If your preschooler's having surgery, you'll be better able to prepare her if you know what she's worried about and how you can help.
What is your child concerned about?
- She fears damage to her body
- She's afraid she did something wrong to cause the surgery
- She may be imagining things that are far worse than the actual surgery
How can you help prepare your preschooler?
- Give her some prep time. Tell your child about the surgery three to five days in advance.
- Choose your words carefully. Your child will be curious and want to know what to expect, but avoid "double-meaning" words. For instance, don't explain anesthesia by telling your child the doctor is going to put her to sleep; she may be reminded of a pet being "put to sleep" and think she will die. Instead, say: "The doctors will help you take a nap for a few hours."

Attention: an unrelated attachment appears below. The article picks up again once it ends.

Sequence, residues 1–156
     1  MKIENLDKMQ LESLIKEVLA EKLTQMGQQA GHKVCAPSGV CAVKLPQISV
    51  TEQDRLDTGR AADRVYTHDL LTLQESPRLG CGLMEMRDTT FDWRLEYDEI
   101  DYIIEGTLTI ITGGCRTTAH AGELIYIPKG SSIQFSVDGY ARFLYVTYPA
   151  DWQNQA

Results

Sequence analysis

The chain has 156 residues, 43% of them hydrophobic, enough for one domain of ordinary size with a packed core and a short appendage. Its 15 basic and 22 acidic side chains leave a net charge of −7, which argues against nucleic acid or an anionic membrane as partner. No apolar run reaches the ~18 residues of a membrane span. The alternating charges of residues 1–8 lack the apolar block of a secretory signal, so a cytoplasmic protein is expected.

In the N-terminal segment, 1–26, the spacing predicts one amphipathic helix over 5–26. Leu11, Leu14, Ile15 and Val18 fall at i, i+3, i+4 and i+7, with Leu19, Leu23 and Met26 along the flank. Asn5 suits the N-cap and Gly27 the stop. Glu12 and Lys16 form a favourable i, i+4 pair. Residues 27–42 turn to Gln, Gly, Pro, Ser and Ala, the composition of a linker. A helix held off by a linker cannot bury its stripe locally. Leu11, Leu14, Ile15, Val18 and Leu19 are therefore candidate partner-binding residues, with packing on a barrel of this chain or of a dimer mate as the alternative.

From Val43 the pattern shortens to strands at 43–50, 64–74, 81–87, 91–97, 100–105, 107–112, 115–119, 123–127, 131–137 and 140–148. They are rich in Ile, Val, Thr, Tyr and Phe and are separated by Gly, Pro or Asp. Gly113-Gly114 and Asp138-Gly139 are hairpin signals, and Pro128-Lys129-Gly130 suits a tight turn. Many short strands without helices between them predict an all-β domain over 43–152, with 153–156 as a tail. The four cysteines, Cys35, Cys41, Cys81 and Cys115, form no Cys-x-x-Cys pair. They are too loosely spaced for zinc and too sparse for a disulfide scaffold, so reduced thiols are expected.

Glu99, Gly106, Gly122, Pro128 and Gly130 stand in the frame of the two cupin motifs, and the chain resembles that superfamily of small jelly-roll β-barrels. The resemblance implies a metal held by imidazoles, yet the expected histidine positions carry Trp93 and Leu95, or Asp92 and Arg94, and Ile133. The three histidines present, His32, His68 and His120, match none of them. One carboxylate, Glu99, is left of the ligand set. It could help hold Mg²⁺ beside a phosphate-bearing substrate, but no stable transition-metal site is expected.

- Quash her fears. Reassure your child that the surgery is not her fault. Encourage her to express her feelings, and tell her it's OK to cry or be scared.
- Play with her. Try using a play medical kit to help her explore her feelings — and help you spot any misconceptions she may have about the upcoming surgery. Reading books with pictures of medical equipment can also be very helpful.